When I started school, some of the first questions we were asked were: “what are you interested in? what do you want to do? where do you want to work?” My answers were completely generic, “Um. I want to work in a library. I want to work with people. I don’t want to do cataloging.” Now I answer, “I want to enter academic librarianship.” But why?
I enjoyed working at the library on campus at my undergrad, and I am unbelievably grateful for all the experience and opportunities the faculty and staff gave me there. In some ways, I see myself returning to an academic setting and thriving. I now work at the Suzzallo Library in the Monographic Acquisitions Division.
BUT (and here’s where the pushing comes)
The classes I’m most interested in consistently talk about public libraries. I find myself enthused by the idea of working in a public library because my classes are always talking about the situations that arise within them (public libraries). Here’s my conflict: classes specifically for people interested in academic libraries don’t exist (at the iSchool). How am I supposed to learn specific situations for academic libraries if my classes don’t touch on them? I cannot and do not believe that situations are handled similarly in academic and public libraries. I know important distinctions exist!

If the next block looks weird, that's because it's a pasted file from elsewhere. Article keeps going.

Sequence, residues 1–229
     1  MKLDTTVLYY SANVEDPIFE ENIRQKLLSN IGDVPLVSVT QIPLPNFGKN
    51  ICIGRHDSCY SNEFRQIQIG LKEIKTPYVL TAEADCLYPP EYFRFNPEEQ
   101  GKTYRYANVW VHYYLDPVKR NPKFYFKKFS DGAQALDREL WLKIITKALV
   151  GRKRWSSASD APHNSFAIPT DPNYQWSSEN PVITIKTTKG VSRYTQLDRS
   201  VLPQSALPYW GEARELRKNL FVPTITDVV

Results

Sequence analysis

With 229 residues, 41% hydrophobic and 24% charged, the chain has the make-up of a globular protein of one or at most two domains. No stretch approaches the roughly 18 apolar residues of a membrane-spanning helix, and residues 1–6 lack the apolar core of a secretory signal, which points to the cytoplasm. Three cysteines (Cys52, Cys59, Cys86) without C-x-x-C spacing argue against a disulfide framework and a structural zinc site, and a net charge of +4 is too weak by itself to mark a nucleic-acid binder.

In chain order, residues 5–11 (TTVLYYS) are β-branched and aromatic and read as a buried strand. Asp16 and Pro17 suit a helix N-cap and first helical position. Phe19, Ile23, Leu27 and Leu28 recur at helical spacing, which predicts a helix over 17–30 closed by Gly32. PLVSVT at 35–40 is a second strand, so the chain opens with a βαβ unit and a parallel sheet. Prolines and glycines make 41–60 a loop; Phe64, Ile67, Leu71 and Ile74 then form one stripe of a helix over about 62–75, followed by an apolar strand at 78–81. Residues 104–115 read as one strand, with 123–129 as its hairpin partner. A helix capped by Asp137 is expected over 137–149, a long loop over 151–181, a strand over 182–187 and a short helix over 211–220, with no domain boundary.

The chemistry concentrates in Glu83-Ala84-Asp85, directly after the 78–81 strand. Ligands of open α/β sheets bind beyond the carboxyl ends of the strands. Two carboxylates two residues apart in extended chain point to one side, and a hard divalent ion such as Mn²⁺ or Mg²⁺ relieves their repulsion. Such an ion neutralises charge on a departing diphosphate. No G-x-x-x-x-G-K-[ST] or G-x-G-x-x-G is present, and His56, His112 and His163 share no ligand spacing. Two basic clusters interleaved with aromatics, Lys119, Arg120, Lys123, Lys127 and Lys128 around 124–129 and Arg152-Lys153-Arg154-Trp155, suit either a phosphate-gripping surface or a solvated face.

I know this because, fortunately, I have experience in academic libraries. I feel a push and pull because of my experience and my education. This summer, I hope to find an internship at a public library to gain experience and insight into this outside of my education. I just hope that I will be prepared to work in both types of libraries — even if my formal education pushes me in one specific direction.